The NHS’s trouble is that its component organisations prefer to work independently rather than do what they are told by Whitehall. This tends to defeat national programmes like the Year 2000 deBugging effort. For example, it emerged in March that many hospitals and health authorities had forgotten to deal with the thousands of electronic medical devices in patients’ homes – ranging from kidney dialysis machines to blood glucose meters. Despite government guidance, each was hoping someone else would deal with the issue.
And these problems are only the self-reported ones. No independent assessment of the NHS is yet available, though the Audit Commission is to publish one in July – a plan that has brought it into regular conflict with Liddell’s NHS Executive, according to Action 2000 head Don Cruickshank. It’s no wonder that, simultaneously with his embarrassing record of reds and ambers, Liddell announced a speed-up in the NHS’s deBugging programme. He now requires all NHS organisations to submit Y2K status reports every two months instead of every three, all the way up to the dre aded changeover date.
What of other industries? Well, if anyone desperately wants to fly on New Year’s Eve 1999, Britain’s main air traffic control system – NATS – has been simulation-tested and found ‘blue’, according to the Civil Aviation Authority. And the major British airlines are expected to announce blue status for their aircraft by July.
As for Air Vamos Amigos and its handful of ancient 747s operating out of San Cuspidor – who knows? Any airline that can’t prove its compliance by October 1 will have its UK landing permit withdrawn, says the CAA.
London’s Underground and the rail services are currently classified amber – i.e. probable disruption but countermeasures are available. So that’s an improvement on the usual situation, then. At least their safety-critical systems, such as track switching, are blue.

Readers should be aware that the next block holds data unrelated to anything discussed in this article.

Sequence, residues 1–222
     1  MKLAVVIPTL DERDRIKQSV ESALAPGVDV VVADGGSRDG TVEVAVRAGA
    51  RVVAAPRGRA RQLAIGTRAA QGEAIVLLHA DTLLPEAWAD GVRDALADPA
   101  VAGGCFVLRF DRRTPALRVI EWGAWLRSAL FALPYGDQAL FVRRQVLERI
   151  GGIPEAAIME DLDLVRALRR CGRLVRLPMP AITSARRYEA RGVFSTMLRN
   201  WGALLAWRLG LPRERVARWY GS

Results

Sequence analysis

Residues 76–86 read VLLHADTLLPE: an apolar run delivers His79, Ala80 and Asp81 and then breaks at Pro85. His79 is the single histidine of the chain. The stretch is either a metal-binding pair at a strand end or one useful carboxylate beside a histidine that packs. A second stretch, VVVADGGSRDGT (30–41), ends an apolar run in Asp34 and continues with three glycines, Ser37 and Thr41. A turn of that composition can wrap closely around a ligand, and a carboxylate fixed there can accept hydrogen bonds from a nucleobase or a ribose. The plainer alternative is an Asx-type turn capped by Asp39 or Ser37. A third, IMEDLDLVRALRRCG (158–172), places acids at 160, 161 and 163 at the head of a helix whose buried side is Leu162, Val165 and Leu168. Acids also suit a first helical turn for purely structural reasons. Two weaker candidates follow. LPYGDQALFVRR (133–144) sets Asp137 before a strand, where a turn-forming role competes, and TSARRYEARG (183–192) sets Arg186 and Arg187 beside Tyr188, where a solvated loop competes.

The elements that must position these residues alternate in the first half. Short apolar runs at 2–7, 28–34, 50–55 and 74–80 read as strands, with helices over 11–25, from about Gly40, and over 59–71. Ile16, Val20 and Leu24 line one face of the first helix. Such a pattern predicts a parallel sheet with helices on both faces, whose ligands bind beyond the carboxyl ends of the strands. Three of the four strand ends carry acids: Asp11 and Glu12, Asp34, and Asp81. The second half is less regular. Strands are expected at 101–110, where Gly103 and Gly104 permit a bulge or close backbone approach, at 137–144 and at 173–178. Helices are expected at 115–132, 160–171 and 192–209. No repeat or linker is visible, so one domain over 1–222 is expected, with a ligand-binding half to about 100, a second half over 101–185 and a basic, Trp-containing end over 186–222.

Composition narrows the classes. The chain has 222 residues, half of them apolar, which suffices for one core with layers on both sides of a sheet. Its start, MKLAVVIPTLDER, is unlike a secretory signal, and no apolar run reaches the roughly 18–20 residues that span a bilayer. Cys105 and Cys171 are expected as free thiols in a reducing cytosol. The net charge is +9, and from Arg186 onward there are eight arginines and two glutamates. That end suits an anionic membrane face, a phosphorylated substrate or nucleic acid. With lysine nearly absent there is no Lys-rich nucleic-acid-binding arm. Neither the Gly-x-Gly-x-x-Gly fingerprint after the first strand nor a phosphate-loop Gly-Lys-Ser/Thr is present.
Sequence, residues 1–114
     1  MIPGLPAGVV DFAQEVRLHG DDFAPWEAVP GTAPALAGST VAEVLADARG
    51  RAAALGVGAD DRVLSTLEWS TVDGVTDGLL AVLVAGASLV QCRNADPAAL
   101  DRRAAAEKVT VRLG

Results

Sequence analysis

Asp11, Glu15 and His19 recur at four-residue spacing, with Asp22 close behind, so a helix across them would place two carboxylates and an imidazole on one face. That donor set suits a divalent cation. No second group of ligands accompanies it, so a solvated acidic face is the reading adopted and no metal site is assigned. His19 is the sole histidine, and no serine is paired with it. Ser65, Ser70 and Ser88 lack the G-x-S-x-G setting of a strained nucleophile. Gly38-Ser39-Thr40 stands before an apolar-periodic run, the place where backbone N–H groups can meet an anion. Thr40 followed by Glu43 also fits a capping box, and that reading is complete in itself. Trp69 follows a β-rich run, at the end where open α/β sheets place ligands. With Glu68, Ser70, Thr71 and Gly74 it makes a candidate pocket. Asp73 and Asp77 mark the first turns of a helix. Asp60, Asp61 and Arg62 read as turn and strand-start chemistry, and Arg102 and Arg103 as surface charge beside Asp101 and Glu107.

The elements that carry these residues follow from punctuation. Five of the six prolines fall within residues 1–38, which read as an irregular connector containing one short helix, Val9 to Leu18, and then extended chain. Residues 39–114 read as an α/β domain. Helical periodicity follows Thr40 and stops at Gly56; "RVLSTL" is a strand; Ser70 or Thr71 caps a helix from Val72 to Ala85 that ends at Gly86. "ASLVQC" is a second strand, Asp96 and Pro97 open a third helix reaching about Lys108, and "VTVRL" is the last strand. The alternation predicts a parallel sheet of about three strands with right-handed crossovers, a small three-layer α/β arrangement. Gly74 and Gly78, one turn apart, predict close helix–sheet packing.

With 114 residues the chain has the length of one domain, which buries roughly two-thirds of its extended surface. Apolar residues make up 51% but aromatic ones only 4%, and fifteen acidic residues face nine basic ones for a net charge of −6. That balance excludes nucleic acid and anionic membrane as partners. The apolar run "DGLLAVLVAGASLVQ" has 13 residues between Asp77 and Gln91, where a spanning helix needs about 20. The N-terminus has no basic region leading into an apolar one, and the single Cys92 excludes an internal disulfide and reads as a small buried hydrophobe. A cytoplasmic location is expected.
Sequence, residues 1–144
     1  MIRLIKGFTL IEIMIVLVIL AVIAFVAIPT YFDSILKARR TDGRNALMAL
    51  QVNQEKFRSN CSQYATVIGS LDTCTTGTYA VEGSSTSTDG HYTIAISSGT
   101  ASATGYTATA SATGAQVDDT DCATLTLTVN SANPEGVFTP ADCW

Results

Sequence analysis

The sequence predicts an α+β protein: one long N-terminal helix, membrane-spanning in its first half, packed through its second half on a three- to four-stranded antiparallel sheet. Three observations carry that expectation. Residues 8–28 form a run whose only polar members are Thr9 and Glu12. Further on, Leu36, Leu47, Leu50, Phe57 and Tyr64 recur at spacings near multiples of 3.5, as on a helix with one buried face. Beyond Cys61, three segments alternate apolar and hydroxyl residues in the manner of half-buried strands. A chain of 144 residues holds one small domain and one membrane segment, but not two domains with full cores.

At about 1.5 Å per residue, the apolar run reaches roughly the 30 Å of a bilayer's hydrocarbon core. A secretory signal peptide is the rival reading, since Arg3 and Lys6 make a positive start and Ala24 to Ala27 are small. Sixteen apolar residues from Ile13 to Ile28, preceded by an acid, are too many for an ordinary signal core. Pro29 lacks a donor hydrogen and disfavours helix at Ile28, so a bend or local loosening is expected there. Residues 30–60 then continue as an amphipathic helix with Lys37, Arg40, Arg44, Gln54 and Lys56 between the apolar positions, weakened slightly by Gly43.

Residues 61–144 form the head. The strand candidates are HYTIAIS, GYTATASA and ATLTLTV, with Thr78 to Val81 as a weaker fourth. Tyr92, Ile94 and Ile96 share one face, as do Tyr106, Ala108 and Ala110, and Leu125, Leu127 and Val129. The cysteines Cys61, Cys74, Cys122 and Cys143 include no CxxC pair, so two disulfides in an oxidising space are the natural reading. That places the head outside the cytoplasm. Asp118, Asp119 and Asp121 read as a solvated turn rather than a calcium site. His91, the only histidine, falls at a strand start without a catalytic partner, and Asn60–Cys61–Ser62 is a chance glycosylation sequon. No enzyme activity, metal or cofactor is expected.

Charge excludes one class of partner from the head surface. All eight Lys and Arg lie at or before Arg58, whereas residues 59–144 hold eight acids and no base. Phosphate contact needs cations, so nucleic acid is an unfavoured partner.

Legends of road traffic light controllers that will fail in green-both-ways mode have abounded since the Year 2000 problem emerged. There are 376 different kinds of traffic light controllers installed in the UK, so checking their safety must have been quite a task.
But David Rowlands of the Department of Transport and the Environment seemed sanguine: 368 of these have been classified as blue, leaving only eight types as amber. Unfortunately, it seems, we don’t know how many of these amber types there are, or where they are: so for now at least, all roads are being classed as amber. Not that anyone sane, besides maybe the police, will be driving anywhere at midnight this New Year’s Eve.
That’s if the police cars are working. HM Inspector of Constabulary David Gilbertson regretted to report that not one of the 43 forces in England and Wales are cleared for the Millennium. Twenty-four are ‘white’, which sounds innocuous, but really means they haven’t a clue.
Of the rest, 18 are amber and four red. Unimpressive, but Paul Hancock of the Association of Chief Police Officers assures us that the police are “well advanced” with their plans to keep operational systems working (see box out right).
Still, car crashes are only a little local difficulty – unlike, say, the prospect of a poisoned River Trent or a poisonous gas cloud over Teesside. Early in May, the Environment Agency warned that many companies are risking dangerous and expensive pollution incidents because they have not yet checked out their environmental protection systems – almost all of which contain embedded controllers.
In a survey of 400 potential polluter firms, the EA found that almost 30 per cent of them had not checked their environmentally critical embedded-processor systems, and at least 15 per cent do not think their most hazardous systems will be compliant before September at the earliest.
“The result could be severe damage to rivers, release of noxious fumes and effects on drinking water supplies”, says the EA. In the event of a polluting incident, the agency will not accept the Bug as an excuse, it says – the guilty firm will have to pay the full fines and clean-up costs.
Despite this display of reds and ambers, Don Cruickshank’s view is that “the infrastructure is going to be OK”. The main worries are the cumulative effects of many small equipment failures, and possible erratic behaviour by consumers and small businesses, he says. The aftermath could be some massive lawsuits – for which there will be no insurance cover, since the underwriting industry has already carefully absolved itself from any liability for Y2K claims.
And if something big does fail? “Jack Straw has an Emergency Powers Act ready to be used if necessary”, says Cruickshank. Just the thing to fix all those traffic lights.